Supporting Menstrual Health and Hygiene to Improve Women and Girls’ Wellbeing

Community health workers supported by APHRC (African Population and Health Research Center) displaying a menstrual cup used by women in Korogocho slum, one of Nairobi's most populated informal settlements. Young mothers that visit the clinic also receive family planning services and sexual reproductive health options.

By guest author Isha Padhye with contributions from Traci L. Baird, President and CEO; Meskerem Setegne, Associate Project Director, A Rights-Based Approach for Enhancing SRHR in Ethiopia; and Blandine Yeo, Program Associate, Communications

Half of the world’s population will spend half of their lives menstruating (or, having periods), yet 500 million women and girls1 around the world lack access to menstrual hygiene materials and safe, clean facilities. This “period poverty” is detrimental to their physical, mental, and emotional health. On this World Menstrual Hygiene Day, we highlight the importance of including menstrual health and rights within the broader portfolio of sexual and reproductive health and rights (SRHR), and we call for increased action, policies, and resources to support menstrual health.

Menstrual health includes having information about menstruation and self-care; access to menstrual hygiene materials; diagnosis and treatment for menstrual cycle disorders; and the ability to be free from stigma and discrimination related to menstruation.  

Menstrual health is increasingly conceptualized as part of the SRHR field and is also often included in programs that address water and sanitation and humanitarian assistance. The Guttmacher-Lancet Commission on Sexual Health and Reproductive Health and Rights defined reproductive health as “a state of complete physical, mental and social well-being and not merely the absence of disease or infirmity, in all matters relating to the reproductive system and to its functions and processes” and affirms that people should be able to “manage menstruation in a hygienic way, in privacy, and with dignity.” This inclusion is vital as menstrual health is inextricably linked to many other aspects of SRHR and needs to be supported to ensure the right to health is a reality for all.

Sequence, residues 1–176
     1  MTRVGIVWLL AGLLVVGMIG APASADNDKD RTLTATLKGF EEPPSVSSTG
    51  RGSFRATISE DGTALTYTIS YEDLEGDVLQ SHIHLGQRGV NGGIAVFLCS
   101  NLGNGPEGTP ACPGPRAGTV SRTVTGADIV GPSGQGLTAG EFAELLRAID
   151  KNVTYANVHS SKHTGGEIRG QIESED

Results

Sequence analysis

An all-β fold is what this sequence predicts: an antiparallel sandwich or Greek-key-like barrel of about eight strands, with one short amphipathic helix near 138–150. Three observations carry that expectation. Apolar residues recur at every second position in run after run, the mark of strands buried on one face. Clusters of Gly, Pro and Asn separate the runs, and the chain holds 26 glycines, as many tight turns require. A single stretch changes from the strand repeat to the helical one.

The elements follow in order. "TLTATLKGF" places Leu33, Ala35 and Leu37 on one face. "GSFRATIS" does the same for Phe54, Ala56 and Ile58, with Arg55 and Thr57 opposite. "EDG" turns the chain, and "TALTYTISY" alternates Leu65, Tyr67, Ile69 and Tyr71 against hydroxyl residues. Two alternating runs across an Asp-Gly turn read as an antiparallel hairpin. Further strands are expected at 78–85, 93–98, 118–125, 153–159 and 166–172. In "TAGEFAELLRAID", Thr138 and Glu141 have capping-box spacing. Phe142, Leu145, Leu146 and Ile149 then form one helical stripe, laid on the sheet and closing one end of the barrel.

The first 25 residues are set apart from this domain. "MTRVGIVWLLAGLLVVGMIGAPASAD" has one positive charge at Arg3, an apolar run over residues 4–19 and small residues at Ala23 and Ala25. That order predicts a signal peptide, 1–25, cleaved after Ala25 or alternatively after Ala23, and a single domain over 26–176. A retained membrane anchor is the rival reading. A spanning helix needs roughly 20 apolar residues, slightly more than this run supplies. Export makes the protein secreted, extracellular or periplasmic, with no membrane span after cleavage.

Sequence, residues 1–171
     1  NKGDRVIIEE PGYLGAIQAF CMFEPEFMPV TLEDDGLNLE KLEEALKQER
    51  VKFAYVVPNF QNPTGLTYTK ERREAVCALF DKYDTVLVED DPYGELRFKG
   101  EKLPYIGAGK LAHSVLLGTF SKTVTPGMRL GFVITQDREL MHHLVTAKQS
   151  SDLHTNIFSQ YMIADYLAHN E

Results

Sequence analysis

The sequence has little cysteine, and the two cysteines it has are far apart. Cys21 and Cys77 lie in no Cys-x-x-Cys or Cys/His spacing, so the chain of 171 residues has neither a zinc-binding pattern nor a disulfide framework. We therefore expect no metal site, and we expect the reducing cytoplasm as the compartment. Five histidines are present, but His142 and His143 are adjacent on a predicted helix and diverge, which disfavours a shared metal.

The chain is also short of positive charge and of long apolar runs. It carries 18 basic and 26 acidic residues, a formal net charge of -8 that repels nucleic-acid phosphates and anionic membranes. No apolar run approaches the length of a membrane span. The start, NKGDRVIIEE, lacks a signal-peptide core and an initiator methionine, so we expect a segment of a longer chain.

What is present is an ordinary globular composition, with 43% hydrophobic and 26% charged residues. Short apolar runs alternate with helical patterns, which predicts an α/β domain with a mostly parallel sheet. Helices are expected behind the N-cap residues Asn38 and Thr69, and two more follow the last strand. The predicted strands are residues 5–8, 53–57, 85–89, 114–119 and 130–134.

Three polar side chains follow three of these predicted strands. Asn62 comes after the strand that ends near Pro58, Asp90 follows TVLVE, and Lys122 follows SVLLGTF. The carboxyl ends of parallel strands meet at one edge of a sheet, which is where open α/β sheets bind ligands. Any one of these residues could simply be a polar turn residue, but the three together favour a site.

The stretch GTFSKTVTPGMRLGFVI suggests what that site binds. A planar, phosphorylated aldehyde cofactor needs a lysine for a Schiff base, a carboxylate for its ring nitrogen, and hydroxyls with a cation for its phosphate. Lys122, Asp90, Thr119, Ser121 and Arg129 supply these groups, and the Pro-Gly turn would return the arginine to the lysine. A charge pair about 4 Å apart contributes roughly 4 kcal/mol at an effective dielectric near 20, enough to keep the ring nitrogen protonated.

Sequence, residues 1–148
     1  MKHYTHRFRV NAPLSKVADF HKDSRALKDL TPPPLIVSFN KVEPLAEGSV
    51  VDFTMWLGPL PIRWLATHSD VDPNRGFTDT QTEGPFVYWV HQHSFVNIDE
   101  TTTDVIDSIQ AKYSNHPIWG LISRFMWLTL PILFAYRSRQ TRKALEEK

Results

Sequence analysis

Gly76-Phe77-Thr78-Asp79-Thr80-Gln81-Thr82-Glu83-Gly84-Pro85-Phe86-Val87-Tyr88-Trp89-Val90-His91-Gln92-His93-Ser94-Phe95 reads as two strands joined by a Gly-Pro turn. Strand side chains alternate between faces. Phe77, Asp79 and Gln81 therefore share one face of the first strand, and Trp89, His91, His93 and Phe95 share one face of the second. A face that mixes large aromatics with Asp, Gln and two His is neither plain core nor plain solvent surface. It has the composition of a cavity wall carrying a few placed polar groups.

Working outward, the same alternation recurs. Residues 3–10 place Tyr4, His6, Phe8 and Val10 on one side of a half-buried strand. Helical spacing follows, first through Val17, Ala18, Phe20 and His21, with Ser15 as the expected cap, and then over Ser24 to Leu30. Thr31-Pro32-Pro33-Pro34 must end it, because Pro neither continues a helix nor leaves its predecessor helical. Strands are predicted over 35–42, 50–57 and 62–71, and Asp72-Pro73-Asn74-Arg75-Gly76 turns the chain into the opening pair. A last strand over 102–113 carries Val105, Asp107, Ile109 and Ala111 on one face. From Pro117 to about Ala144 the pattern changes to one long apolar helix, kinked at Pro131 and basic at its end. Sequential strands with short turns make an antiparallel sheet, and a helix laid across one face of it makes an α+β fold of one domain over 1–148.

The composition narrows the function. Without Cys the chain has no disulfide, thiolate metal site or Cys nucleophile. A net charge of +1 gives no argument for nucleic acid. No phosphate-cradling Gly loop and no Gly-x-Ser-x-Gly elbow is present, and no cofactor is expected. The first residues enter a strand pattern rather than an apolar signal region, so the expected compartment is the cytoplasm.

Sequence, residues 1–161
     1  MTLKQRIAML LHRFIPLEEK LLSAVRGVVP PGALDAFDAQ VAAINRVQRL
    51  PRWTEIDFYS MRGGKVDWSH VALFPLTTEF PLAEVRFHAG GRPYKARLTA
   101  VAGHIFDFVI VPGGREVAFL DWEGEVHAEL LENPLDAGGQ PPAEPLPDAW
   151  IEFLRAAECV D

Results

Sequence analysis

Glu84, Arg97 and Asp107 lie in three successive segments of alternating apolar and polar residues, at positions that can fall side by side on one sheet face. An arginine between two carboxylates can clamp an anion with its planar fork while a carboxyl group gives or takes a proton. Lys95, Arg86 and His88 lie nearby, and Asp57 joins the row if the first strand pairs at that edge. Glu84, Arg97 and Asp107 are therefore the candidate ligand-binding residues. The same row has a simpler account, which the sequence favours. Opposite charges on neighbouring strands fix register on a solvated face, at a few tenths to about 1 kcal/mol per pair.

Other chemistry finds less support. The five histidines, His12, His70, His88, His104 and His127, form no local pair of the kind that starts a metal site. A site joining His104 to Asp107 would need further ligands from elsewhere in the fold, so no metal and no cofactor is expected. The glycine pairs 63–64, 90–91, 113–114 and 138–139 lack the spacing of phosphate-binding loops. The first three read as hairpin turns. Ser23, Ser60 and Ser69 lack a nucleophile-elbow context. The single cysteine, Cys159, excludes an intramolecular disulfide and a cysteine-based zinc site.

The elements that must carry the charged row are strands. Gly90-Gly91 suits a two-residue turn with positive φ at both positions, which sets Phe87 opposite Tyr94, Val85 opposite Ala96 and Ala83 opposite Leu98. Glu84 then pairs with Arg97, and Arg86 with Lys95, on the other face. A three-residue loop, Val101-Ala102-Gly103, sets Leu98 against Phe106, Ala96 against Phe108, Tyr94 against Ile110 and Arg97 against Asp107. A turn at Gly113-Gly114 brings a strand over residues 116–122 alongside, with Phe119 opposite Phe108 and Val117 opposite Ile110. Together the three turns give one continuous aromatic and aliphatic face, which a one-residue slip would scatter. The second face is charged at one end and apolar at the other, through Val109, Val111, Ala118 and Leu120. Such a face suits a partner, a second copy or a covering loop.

Women and girls around the world may sacrifice other aspects of their health and lives to protect their menstrual health. For example, some adolescent girls may engage in transactional sex to purchase period products, which can endanger their lives and health by increasing their risk of pregnancy, infection, and violence. A lack of menstrual hygiene management (MHM)—including clean water and safe washroom facilities—in schools coupled with the stigma surrounding menstruation leads to girls staying at home and missing school. When they have to choose between managing their menstrual health or facing shame and humiliation at school, girls miss out on their education. Additionally, when women and girls have their periods they may be prevented from attending large events, bathing, or cooking because they are thought to be unclean. Isolated from others and stripped of basic human dignity, women and girls are often shunned from society in more ways than one. Addressing menstrual health and rights is not just an SRHR issue, but also a human rights issue.

Menstrual health must be addressed holistically; policymakers, healthcare providers, educators, community leaders, and individuals can take steps to protect menstrual health. At a policy/governmental level, there are a few countries that offer menstrual leave where governments provide time off of work for dysmenorrhea (painful periods). Other countries have stopped taxing menstrual management products, recognizing that such taxes discriminate against women and girls.

Institutions, including the healthcare system, schools, and correctional facilities, can support women’s and girls’ MHM and other aspects of menstrual health. In healthcare facilities, healthcare providers should be prepared to give advice on managing period pain and offering or referring for screening for causes of severe pain or irregularities.